One of the mysteries of the English language finally explained.
1Originally: to kick out, to kick backwards. Later in extended use: to show vigorous opposition or resistance; to be obstinately disobedient or refractory.
2With against or at.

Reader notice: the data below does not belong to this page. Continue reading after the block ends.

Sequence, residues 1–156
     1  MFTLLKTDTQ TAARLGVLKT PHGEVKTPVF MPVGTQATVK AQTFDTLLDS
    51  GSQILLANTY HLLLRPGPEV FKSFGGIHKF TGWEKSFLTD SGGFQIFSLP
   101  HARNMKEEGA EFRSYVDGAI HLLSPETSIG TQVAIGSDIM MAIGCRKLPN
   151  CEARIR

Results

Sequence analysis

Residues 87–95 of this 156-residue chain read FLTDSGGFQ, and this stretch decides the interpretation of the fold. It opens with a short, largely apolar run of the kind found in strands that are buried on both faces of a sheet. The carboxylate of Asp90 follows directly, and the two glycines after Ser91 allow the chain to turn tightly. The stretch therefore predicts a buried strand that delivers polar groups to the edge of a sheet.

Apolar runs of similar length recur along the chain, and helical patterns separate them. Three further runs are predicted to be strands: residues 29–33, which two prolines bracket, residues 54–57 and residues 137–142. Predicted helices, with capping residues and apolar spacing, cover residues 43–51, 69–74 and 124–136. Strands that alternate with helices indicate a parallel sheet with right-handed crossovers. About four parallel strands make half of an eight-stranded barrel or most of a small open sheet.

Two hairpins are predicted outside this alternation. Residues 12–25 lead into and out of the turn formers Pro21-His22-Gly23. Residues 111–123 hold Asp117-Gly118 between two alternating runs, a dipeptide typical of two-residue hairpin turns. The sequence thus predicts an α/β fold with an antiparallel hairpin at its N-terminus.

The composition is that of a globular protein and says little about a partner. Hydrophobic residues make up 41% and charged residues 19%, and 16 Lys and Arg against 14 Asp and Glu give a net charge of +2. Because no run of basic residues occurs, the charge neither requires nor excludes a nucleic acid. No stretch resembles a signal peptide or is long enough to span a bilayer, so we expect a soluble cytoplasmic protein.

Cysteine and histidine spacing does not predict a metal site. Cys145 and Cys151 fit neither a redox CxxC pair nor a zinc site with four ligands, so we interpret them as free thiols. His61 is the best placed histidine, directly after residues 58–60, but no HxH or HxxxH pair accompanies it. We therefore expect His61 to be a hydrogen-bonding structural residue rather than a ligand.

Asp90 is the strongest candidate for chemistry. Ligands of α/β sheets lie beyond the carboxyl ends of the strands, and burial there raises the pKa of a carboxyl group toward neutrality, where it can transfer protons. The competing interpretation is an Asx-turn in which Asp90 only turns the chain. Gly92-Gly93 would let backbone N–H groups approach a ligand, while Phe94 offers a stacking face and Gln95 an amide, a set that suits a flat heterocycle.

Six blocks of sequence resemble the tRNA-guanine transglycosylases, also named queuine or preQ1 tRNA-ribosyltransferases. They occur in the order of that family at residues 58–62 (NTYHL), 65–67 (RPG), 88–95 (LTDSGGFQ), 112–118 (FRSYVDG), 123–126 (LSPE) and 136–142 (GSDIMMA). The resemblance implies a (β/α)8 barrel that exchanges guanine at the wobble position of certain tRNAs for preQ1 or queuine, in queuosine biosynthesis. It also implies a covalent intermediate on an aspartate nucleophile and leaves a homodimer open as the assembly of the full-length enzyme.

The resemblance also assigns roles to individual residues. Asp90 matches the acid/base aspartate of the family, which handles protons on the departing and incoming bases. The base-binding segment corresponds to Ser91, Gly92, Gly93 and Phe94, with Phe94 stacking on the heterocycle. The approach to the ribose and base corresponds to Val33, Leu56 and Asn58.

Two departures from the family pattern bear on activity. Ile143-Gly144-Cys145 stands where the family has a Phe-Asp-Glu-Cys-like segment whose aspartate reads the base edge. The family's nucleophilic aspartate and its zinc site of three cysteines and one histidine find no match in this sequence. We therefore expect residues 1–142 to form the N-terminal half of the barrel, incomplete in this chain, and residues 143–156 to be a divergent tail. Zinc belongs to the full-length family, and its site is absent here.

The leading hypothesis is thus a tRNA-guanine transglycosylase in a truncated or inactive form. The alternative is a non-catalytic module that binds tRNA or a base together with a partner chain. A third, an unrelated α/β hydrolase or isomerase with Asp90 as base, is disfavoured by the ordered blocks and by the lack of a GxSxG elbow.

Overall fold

Early 17th century; earliest use found in William Vaughan (c1575–1641), writer and promoter of colonization in Newfoundland. From classical Latin recalcitrāt-, past participial stem of recalcitrāre to kick out (Horace), to be refractory (Vetus Latina, Vulgate) from re- + calcitrāre.
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